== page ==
Emily Gualter

'We all work together and I enjoy that camaraderie...'

  • Emily gualter

(Ngāti Hauiti, Ngāti Tuwharetoa)

Bachelor of Engineering with Honours in Civil Engineering

Studying towards a Master of Engineering in Management

Even in the early stages of her undergrad degree, Emily was grateful for the opportunities that studying at UC had provided so far. Although often busy with her Engineering studies, a big feature of her time here was her involvement in community work, both at the University and in Christchurch.

‘I took part in the Emerging Leaders’ Programme in my first year, and found it to be a great way to make the jump to university much easier,’ Emily says. ‘I enjoyed the retreat weekend before uni started in February, where I met heaps of people who have become some of my closest friends. And then throughout the year I listened to interesting speakers, completed community service projects and had the opportunity to organise my own event, the Big Day Out for Families, for families with primary school children who have ongoing hardships. This has been very rewarding and I have learned a lot about event organisation, budgeting, time management and marketing.’

Emily was a finalist in the New Zealand Women of Influence awards in the social enterprise and community service category because of her work on the Big Day Out for Families. She has also focused on the community with an internship at the Volunteer Army Foundation, working on their social media activity and helping to form policy around growing the organisation. Emily is also a club member of the Papanui Rotary Club, which gets her involved in many activities in the community, such as building disaster kits for Fiji after Cyclone Winston last year.

Another activity Emily found rewarding was to be a mentor to an international student at UC, which has resulted in a lasting friendship. ‘Taking on a mentee is something I would recommend every student does at some stage during their degree,’ she says. ‘The support networks the uni provided are second to none. For example the Māori Development Team run a mentoring programme each year where senior students, Tuākana, help with the transition from school to tertiary study for first-year students, teinā.’ 

When it comes to her Engineering career, Emily says she always liked the outdoors and was interested in geology. ‘Throughout school I enjoyed science and maths, and Engineering seemed to be a natural path.’ 

Her degree has led her to take part in internships with Jacobs Engineering Group, Fletcher Construction, and Downer Group, all experiences she is grateful for. ‘The summer work gives really good opportunities to learn about different companies and parts of the industry so you have the best knowledge on where you want to work upon graduation.’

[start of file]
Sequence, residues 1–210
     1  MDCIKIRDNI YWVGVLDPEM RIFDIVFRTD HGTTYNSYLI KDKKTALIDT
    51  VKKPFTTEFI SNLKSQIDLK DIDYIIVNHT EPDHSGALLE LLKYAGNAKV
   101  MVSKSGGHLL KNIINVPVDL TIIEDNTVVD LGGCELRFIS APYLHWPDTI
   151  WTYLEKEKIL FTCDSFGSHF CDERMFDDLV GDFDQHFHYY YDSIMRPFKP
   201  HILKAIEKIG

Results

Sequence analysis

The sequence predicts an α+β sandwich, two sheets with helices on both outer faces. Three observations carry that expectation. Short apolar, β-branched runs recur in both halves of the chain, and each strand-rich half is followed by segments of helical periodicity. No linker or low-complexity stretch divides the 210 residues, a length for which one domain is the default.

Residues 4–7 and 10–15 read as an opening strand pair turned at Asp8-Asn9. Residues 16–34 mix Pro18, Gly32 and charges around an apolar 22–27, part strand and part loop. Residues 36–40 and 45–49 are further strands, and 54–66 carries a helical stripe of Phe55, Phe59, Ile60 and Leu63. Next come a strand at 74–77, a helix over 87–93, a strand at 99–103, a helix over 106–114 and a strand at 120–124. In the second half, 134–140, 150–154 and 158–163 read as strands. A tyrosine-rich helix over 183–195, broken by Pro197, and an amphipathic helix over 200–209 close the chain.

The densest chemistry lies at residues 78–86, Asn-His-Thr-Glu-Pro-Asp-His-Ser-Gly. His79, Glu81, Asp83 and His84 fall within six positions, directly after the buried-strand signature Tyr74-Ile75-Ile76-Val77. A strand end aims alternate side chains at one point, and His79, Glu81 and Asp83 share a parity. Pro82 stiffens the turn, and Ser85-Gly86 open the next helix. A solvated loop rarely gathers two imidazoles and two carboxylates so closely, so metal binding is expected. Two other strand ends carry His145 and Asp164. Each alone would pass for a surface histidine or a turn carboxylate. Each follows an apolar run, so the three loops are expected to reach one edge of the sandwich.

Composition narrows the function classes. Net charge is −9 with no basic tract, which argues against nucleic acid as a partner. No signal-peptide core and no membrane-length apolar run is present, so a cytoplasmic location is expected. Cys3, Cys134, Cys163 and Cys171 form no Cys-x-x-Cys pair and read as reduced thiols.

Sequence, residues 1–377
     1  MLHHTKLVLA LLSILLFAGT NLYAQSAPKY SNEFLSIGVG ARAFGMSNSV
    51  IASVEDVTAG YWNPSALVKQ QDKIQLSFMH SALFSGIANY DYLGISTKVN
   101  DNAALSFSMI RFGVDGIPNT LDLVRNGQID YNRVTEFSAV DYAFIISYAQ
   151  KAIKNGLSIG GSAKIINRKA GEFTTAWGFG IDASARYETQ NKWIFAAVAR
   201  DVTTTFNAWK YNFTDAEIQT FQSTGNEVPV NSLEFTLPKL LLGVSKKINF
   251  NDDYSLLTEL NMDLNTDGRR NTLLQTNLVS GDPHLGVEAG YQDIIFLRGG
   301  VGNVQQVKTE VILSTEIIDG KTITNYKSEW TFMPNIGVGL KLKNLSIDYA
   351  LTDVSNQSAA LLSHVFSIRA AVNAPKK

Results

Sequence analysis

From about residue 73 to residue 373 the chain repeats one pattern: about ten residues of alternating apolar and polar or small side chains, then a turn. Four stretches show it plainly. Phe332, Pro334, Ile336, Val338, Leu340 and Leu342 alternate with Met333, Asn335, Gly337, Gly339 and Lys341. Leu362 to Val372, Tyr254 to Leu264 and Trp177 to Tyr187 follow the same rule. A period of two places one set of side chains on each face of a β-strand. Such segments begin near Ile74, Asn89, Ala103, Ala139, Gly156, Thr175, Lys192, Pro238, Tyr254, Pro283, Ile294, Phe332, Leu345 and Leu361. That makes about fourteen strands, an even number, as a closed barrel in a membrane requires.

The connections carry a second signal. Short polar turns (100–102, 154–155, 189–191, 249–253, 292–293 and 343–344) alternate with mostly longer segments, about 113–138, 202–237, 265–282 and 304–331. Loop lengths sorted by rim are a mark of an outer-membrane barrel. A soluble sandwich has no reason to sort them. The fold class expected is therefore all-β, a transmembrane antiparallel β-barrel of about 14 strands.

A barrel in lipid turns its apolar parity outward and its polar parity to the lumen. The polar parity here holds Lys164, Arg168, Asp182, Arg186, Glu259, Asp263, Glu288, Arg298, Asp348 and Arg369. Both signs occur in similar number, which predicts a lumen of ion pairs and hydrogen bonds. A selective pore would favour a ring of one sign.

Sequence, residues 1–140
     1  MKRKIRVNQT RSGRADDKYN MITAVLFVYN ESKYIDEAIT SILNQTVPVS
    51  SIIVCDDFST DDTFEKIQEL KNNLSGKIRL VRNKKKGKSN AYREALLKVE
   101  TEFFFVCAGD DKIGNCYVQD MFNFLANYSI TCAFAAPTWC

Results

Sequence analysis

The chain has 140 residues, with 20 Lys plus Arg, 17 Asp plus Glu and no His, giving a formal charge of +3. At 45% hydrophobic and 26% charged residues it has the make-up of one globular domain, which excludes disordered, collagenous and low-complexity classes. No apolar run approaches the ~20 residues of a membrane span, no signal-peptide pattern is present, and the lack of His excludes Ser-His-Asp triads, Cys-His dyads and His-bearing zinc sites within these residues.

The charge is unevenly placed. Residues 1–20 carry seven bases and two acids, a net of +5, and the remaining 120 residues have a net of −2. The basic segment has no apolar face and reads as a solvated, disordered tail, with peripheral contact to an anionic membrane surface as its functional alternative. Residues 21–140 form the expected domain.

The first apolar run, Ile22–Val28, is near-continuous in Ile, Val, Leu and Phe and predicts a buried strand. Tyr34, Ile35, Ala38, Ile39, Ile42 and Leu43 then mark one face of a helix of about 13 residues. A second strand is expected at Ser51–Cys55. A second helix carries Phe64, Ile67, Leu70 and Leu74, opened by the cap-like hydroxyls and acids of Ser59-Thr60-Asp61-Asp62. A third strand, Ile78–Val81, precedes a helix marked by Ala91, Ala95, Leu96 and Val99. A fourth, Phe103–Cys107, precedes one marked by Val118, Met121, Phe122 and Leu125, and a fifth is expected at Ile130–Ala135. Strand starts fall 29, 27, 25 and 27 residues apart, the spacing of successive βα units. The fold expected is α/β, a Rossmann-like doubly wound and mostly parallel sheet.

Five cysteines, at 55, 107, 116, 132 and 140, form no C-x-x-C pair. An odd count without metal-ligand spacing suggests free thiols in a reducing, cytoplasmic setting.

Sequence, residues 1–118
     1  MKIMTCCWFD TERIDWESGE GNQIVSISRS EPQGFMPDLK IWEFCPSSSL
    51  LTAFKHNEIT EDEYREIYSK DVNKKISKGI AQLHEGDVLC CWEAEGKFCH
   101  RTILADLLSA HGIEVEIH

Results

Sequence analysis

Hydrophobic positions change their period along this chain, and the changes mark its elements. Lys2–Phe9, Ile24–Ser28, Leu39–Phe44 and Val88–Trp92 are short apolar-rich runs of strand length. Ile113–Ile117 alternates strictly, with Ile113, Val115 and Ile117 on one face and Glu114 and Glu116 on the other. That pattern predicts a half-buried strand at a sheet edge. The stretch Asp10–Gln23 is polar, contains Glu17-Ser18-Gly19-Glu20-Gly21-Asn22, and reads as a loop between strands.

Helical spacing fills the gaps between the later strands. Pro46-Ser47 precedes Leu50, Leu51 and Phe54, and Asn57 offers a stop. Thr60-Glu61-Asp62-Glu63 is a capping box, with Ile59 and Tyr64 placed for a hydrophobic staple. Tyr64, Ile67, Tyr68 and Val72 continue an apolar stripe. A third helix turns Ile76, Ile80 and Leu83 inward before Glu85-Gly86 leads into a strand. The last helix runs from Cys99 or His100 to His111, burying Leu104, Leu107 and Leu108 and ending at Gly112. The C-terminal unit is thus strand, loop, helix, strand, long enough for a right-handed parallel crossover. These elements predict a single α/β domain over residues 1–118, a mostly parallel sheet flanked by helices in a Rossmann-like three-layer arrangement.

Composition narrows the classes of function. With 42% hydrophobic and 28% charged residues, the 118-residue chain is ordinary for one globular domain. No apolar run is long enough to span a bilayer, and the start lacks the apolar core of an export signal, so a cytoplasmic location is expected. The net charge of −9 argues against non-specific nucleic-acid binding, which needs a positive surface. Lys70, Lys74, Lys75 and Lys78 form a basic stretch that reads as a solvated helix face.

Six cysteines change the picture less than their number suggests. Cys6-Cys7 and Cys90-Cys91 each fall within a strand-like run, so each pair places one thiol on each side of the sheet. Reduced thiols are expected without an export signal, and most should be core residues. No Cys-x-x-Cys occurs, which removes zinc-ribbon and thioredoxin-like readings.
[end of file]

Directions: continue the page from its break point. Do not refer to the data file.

Emily also had the opportunity to go on an exchange to University of Adelaide for a semester in her final year.

If you have the opportunity go on an exchange, it is a great responsibility free way to experience living overseas. Experiencing a different culture and living and working in a different environment – something I would recommend to any UC student.’

She has her eye on a future career in management, which made the MEM a perfect option for postgrad study. ‘After getting a lot of technical knowledge from my engineering degree I wanted to arm myself with some business and management skills to leap into the challenges of a modern career head first. MEM creates a really well rounded education in my eyes,’ she says. ‘You get to find a company that interests you and do a project for them, which gives you the inside knowledge about them prior to making any decisions about graduate employment. You can also get paid for your time.

My undergraduate degree has really taught me how to learn the technical nuts and bolts of engineering problems and now in my master’s my mind is being expanded and I’m learning how to think critically and laterally preparing me for our changing world.

‘My ultimate career goal is to be in executive management of a New Zealand company improving the lives of all New Zealanders.’

She comments that the work on the Engineering programme is challenging, especially early on ‘because there is a lot of maths and physics and it can be hard to see where it is going. It can be quite hard for girls when there aren’t many in the class – but it is fun. With such a high workload it is important that we all work together and I enjoy that camaraderie’. 

As well as her community work, Emily packs in numerous activities outside study. ‘I enjoy sports, particularly running, rowing and hockey, and I am looking for new challenges in the multisports area. I’ve taken part in the ENSOC [Engineering Society] touch competition, which is just one of the many co-curricular activities the UC clubs put on.

‘There is also plenty of socialising to do at Canterbury!’ she adds.

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